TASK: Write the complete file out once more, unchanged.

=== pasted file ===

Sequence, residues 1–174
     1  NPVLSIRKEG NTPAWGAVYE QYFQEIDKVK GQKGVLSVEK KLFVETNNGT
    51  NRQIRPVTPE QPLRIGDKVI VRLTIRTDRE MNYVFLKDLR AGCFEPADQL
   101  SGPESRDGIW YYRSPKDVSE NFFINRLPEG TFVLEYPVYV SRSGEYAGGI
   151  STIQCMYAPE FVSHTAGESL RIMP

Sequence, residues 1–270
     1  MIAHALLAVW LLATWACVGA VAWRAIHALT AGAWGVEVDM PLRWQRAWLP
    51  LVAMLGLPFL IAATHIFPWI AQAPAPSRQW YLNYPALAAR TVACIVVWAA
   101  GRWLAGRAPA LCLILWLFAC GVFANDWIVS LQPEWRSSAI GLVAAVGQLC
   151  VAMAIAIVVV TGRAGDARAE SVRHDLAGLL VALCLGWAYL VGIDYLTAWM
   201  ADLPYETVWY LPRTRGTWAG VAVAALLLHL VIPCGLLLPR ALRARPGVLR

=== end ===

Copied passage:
Sequence, residues 1–174
     1  NPVLSIRKEG NTPAWGAVYE QYFQEIDKVK GQKGVLSVEK KLFVETNNGT
    51  NRQIRPVTPE QPLRIGDKVI VRLTIRTDRE MNYVFLKDLR AGCFEPADQL
   101  SGPESRDGIW YYRSPKDVSE NFFINRLPEG TFVLEYPVYV SRSGEYAGGI
   151  STIQCMYAPE FVSHTAGESL RIMP

Sequence, residues 1–270
     1  MIAHALLAVW LLATWACVGA VAWRAIHALT AGAWGVEVDM PLRWQRAWLP
    51  LVAMLGLPFL IAATHIFPWI AQAPAPSRQW YLNYPALAAR TVACIVVWAA
   101  GRWLAGRAPA LCLILWLFAC GVFANDWIVS LQPEWRSSAI GLVAAVGQLC
   151  VAMAIAIVVV TGRAGDARAE SVRHDLAGLL VALCLGWAYL VGIDYLTAWM
   201  ADLPYETVWY LPRTRGTWAG VAVAALLLHL VIPCGLLLPR ALRARPGVLR